Broadband, the fourth utility

Openreach have phoned me to confirm that two Project Managers will be attending the 4 March County Council Policy & Resources scrutiny committee meeting.

I think I have a good understanding of the bigger picture now.  In terms of accessing affordable Internet at home, the best Gigabit solution is fixed Broadband.  Openreach or Virgin Media will pay for the installation if they determine that they have enough customers in that location to repay installation costs.

There will be hard to reach areas where the fixed Broadband installation costs do not stack up, but mobile Broadband may still be commercially viable; not forgetting, that residents will be paying a higher tariff for mobile Broadband.

In the areas where neither fixed nor mobile Broadband installation costs are commercially viable, then Government funding should be available through some sort of local authority bidding process with BDUK (Building Digital UK, an offshoot of the Department of Digital, Culture Media and Sports).

However, if I am to be effective in my campaigning, I need to know exactly how many households in my County Division do not have access to Gigabit Broadband.  Neither Openreach nor Virgin Media supply this information, although an approximate idea can be found, postcode by postcode.  It would be very helpful if local authorities had access to this information.

The telecoms regulator, Ofcom publish fixed and mobile Broadband coverage maps.  They are not very detailed and do not include 5G, but that has been my starting point for West End & Horton Heath.  I have found a third party organisation that is publishing Openreach Cabinet inventory and through that, I am building up a street-by-street analysis of where full fibre upgrades are needed.

Fixed Broadband coverage for West End & Horton Heath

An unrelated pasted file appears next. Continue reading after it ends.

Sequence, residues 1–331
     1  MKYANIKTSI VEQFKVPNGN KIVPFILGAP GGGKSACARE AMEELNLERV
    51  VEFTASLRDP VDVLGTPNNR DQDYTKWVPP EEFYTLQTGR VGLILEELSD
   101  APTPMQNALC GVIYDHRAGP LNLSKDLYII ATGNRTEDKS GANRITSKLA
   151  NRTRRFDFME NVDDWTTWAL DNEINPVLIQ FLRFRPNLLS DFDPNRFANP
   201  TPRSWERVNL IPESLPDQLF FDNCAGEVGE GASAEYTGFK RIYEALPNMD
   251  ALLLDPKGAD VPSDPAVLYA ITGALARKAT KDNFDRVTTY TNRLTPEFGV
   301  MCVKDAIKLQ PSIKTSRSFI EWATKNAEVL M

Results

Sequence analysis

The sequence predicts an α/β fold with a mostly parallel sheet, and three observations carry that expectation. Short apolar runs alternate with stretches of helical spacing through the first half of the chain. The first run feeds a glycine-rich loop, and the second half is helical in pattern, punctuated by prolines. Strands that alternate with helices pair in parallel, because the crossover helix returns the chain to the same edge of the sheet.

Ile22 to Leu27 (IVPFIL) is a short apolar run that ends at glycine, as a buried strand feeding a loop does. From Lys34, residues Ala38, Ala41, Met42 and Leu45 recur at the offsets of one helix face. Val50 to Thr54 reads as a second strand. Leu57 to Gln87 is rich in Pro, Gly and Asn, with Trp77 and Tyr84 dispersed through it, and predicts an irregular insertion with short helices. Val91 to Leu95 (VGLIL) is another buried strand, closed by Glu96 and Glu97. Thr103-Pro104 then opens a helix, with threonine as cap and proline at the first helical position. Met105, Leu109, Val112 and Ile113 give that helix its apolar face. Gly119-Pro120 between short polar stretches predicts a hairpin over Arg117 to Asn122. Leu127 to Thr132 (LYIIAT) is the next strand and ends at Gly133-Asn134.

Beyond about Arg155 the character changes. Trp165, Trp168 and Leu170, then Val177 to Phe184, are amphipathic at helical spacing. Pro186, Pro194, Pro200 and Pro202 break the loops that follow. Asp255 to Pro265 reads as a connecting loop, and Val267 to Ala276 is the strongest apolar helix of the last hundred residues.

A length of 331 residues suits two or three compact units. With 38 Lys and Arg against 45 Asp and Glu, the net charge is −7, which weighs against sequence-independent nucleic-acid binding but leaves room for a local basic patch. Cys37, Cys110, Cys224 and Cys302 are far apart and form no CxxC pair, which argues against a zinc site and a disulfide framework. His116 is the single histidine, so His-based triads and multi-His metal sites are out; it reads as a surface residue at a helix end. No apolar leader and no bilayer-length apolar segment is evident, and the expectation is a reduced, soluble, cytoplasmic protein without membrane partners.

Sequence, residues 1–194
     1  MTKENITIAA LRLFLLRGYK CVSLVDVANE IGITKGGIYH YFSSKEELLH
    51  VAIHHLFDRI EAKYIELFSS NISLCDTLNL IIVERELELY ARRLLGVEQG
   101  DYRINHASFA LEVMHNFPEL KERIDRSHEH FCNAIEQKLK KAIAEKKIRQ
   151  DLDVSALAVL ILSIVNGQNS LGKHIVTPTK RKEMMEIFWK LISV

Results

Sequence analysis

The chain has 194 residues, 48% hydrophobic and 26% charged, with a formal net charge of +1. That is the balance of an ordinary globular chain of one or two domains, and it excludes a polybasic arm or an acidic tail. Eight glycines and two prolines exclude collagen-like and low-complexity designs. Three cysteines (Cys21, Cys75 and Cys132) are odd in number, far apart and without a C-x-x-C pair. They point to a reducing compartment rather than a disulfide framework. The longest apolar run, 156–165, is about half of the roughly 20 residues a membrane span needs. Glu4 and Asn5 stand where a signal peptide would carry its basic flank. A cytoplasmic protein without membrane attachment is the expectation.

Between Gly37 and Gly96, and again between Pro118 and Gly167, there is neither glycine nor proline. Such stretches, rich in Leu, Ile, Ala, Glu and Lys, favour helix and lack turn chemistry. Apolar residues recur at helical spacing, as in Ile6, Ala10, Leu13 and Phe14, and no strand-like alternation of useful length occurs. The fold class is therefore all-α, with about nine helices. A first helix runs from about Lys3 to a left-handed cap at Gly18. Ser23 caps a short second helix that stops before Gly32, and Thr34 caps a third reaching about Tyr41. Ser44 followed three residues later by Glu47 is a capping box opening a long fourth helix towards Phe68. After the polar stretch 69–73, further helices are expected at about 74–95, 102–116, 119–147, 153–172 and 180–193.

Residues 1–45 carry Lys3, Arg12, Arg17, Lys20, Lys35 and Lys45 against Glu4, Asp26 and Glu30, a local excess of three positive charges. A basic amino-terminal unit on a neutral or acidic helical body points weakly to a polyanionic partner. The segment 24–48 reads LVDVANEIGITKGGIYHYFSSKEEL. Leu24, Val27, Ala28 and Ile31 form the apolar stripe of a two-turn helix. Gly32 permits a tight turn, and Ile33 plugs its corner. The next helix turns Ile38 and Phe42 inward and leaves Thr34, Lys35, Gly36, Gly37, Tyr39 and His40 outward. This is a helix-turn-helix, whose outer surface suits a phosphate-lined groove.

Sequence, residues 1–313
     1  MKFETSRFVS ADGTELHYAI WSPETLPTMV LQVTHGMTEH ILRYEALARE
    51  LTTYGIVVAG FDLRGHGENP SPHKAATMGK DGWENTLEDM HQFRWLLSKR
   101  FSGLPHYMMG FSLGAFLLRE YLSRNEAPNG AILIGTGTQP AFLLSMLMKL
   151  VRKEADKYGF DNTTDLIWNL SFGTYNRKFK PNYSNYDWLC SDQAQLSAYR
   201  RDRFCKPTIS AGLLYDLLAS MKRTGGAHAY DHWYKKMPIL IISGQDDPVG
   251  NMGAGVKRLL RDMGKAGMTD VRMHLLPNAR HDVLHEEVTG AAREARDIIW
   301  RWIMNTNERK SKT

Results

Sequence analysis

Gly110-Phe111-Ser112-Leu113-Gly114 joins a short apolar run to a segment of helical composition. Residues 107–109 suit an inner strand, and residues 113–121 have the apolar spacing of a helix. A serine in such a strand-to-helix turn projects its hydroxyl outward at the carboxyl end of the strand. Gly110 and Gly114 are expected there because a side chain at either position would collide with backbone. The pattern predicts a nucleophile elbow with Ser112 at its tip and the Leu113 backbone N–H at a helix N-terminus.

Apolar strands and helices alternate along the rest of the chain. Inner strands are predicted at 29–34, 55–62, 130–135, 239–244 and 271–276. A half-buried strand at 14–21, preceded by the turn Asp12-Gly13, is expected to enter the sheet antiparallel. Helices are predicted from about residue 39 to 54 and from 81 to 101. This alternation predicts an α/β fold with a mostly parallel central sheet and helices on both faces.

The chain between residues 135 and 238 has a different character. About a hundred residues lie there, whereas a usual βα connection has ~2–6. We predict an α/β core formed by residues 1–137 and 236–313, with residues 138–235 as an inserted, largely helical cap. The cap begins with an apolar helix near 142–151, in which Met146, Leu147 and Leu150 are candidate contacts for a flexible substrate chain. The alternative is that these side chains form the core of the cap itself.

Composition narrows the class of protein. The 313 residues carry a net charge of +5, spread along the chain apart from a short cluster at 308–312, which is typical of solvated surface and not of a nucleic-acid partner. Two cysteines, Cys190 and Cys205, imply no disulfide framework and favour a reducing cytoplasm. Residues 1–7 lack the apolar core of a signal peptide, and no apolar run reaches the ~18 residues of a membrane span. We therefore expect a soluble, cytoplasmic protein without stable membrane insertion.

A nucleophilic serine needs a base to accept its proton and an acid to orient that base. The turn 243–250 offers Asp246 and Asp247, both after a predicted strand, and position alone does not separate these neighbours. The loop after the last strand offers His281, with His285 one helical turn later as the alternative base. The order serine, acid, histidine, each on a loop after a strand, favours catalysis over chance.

As you can see from the map, Gigabit Broadband is not available to the majority of households in my Division, only many of those south of the M27.  For anything less than full fibre, even Openreach and Virgin Media will not know the individual download speeds since copper cable and its many connections is very lossy.

There is no excuse for new housing developments as Openreach and Virgin Media will provide quotations for Gigabit installations, but when local planning applications come before me, I am raising this issue.

I have been in regular communication with the County Council Officer dealing Broadband and he will soon be writing the briefing paper for the forthcoming Policy & Resources scrutiny meeting. 

Questions I want to ask Openreach include;-

  • Can you tell us which households in our Divisions do not have access to Gigabit Broadband?
  • How many of these households do you plan to upgrade to Gigabit Broadband?
  • For those households for which you do not have plans to upgrade, what is the Government bidding process for local authorities?
  • Will Openreach and Virgin Media work closely with local authorities and councillors to ensure an efficient Gigabit rollout?


The most cost effective way of accessing the Internet is via fixed Broadband.  Most areas within my County Division cannot yet access Gigabit Broadband.  Openreach and Virgin Media will upgrade these households as long as they can recoup installations costs.  To do that they will need to know what Broadband service residents want.  The areas that are not commercially viable for Openreach and Virgin Media to upgrade can be supported by Government funding.

Either way, upgrade to Gigabit Broadband is unlikely to happen without householders requesting it.

Please make requests via the following hyperlinks;-

I am happy to answer any questions you may have.

Background information on the above is at